Start-up businesses are the engine of economic growth

Big multi-national corporations and Wall Street are driving our national economy. That is, at least, what many consumers of print, radio, and TV news are lead to believe. However, this is far from the truth. In reality, 99.7 percent of U.S. employer firms are small businesses according to the recent 2010 U.S. census.

Small businesses are job creators. Though only 21.5 percent of small businesses actually are employers (U.S. Census 2010) a whopping 49.2 percent of all employees in the private sector of our economy are working for a small business. Small businesses create two out of three new jobs.

These figures are a convincing testimonial for the contributions of small privately-held businesses to our national economy.

So, why not start your very own small business instead of remaining stuck in a dead-end job?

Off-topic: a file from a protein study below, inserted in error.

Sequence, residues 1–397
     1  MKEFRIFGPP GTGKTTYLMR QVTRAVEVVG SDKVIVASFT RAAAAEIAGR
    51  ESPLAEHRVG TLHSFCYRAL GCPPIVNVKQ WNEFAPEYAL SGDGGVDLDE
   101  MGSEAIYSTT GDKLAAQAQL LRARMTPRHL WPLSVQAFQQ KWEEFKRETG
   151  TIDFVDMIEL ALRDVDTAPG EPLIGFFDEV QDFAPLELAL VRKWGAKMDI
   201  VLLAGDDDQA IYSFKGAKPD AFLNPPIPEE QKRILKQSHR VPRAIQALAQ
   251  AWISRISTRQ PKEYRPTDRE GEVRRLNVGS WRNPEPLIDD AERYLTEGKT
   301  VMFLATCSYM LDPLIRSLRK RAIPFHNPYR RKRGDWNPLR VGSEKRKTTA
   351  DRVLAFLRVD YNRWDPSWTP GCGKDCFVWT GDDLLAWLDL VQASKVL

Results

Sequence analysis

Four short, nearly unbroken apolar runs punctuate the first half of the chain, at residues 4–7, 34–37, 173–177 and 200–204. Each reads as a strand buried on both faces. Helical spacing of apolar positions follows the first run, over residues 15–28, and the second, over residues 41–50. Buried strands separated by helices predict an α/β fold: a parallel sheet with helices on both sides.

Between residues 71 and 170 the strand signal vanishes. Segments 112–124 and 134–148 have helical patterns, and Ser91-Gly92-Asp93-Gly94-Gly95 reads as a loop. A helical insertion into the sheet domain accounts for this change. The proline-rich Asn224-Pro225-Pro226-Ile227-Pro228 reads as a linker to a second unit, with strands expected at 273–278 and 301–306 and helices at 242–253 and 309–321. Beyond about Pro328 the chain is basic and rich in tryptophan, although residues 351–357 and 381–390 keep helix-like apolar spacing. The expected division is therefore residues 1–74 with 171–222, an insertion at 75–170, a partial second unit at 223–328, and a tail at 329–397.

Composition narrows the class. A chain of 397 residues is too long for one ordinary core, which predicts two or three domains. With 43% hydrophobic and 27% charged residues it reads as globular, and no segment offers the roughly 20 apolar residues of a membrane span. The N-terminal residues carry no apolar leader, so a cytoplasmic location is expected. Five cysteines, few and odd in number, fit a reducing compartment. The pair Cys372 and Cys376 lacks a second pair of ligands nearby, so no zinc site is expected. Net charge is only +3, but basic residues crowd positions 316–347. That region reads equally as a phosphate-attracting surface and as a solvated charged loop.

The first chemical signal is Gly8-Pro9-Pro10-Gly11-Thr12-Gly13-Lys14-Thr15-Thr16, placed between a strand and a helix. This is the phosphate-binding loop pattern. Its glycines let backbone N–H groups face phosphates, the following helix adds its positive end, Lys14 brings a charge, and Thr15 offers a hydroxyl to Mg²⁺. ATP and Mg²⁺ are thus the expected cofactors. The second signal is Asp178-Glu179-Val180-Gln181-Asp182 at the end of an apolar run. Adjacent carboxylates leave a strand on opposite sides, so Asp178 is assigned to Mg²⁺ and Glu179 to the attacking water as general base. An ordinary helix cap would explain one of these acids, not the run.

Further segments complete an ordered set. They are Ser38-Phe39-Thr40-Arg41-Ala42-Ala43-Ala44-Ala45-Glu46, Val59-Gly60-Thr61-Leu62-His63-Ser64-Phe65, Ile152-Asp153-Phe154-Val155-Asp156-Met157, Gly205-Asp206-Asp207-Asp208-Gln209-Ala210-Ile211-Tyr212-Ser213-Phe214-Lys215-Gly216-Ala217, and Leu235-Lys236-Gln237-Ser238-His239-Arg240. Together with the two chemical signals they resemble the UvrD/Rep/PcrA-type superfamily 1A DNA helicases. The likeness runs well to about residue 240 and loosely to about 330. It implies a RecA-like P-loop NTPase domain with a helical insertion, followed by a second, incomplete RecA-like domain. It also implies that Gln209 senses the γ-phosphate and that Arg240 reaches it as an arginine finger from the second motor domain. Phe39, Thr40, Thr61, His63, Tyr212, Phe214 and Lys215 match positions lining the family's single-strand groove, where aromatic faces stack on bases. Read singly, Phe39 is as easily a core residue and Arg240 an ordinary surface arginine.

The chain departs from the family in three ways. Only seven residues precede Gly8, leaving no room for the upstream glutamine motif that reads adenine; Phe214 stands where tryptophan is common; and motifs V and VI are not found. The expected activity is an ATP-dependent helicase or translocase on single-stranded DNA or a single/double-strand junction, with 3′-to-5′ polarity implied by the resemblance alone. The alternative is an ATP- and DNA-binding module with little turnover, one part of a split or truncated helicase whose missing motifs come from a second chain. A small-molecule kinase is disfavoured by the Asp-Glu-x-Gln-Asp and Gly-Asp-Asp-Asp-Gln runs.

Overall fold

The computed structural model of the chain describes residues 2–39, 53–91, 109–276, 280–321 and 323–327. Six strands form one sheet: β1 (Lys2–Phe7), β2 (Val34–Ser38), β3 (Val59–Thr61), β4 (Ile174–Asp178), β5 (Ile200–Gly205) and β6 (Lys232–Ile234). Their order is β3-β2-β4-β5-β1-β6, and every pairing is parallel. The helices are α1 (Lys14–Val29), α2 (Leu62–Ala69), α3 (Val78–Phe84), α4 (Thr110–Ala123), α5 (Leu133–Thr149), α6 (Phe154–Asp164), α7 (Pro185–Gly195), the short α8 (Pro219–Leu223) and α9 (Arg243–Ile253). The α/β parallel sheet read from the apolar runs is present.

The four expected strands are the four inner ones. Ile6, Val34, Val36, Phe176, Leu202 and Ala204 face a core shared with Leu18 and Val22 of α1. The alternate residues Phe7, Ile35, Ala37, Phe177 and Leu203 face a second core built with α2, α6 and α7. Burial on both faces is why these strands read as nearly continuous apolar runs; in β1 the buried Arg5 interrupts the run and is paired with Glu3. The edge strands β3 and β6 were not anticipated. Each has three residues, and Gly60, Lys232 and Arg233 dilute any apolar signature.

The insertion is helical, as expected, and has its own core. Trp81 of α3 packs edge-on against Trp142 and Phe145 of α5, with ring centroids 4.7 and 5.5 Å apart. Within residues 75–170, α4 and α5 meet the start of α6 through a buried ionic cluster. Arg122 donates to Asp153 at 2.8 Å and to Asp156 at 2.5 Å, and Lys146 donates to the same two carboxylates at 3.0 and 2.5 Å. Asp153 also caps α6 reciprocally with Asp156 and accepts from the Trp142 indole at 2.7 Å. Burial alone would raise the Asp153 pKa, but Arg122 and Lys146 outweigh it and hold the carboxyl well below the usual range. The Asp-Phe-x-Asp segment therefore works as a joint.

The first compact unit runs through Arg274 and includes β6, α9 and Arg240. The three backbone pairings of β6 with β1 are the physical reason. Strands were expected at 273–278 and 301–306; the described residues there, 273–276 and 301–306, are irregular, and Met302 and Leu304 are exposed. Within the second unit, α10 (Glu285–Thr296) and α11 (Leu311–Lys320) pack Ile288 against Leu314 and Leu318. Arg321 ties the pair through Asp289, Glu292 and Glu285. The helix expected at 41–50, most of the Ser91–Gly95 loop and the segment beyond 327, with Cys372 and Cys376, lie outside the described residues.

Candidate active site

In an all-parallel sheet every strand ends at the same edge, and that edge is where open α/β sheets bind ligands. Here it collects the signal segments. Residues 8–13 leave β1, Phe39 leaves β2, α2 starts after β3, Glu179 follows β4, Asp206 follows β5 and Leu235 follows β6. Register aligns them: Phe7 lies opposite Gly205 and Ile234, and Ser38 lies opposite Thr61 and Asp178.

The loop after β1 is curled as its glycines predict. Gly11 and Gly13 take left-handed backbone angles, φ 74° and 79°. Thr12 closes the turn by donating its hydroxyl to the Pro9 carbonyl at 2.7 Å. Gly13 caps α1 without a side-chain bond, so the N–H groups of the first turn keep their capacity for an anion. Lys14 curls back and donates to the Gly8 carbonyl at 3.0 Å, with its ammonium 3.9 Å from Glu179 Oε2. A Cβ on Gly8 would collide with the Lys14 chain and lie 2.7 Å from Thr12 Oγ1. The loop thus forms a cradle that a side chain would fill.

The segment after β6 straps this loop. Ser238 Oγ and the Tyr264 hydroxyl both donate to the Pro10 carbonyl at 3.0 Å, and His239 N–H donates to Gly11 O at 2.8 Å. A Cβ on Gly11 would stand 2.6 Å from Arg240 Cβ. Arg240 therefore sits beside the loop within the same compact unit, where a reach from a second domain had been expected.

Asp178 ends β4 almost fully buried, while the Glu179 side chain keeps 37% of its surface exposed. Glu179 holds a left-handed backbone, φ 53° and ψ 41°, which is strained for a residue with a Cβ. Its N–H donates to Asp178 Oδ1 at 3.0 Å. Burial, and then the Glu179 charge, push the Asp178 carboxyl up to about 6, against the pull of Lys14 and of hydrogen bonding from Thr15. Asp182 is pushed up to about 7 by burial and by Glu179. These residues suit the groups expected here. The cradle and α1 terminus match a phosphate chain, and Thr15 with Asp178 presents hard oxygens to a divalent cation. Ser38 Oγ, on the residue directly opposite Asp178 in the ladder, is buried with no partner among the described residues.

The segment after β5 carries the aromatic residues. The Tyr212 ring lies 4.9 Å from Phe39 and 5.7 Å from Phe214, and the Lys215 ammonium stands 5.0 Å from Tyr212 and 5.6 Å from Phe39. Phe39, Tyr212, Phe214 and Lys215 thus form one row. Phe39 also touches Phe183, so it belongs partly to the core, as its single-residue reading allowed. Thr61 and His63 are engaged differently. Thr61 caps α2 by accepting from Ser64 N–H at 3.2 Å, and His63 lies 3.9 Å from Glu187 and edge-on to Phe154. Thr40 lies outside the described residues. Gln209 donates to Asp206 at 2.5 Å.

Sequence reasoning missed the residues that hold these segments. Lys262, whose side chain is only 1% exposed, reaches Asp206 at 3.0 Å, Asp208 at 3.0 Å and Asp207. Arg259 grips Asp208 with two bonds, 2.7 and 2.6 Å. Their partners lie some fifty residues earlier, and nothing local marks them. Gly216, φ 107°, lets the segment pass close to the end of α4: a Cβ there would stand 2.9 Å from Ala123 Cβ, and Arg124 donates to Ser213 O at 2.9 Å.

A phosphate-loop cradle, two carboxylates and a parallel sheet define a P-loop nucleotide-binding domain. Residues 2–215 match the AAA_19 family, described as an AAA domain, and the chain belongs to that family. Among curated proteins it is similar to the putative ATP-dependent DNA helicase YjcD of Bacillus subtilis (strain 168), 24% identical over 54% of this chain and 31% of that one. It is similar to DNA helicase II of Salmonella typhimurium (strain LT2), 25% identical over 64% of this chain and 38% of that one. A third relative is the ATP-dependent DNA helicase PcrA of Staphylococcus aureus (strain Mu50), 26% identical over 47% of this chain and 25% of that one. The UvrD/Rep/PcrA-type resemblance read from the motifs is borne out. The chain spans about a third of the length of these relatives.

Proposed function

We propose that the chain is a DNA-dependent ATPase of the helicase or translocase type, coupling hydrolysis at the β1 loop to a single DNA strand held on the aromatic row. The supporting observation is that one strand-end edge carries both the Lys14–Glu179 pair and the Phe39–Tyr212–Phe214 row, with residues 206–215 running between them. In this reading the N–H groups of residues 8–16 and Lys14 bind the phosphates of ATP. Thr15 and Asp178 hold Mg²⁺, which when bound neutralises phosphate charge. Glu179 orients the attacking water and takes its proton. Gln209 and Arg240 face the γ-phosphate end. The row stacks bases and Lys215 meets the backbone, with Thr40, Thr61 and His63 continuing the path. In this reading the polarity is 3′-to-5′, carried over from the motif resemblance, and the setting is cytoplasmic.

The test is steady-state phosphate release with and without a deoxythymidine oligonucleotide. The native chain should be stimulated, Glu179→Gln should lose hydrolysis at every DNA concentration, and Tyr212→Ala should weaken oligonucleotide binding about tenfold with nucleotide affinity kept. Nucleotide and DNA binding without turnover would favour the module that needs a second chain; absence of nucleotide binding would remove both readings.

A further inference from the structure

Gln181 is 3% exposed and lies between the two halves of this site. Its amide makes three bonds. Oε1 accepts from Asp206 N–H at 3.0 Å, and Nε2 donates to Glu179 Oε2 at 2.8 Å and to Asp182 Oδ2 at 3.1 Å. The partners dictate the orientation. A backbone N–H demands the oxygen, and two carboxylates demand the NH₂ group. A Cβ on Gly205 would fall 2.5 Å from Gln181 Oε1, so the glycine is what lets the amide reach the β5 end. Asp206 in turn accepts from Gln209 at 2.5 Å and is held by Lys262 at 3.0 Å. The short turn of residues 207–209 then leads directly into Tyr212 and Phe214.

There are multiple answers to this question. But the main objection to starting a new business is that the failure rate of start-up ventures is rather high. About fifty percent of new businesses survive the first five years. Survival rates increase after that.

Yet, proven ways to increase the odds of survival of a new business are often hidden in inconspicuous headlines such as “UPS Franchise for sale” or something to that effect. Starting a new business as a franchise of an established and successful enterprise greatly improves the odds of success because the new business can rely on already established procedures, products or services. They take much of the guesswork out of starting a new business. Your ‘new’ business instantly advances into the column of enterprises that have survived the first five years or so.

True, it takes cash to buy a franchise. But it also takes cash to start your own business. Your odds are far better with a franchise than going on your own.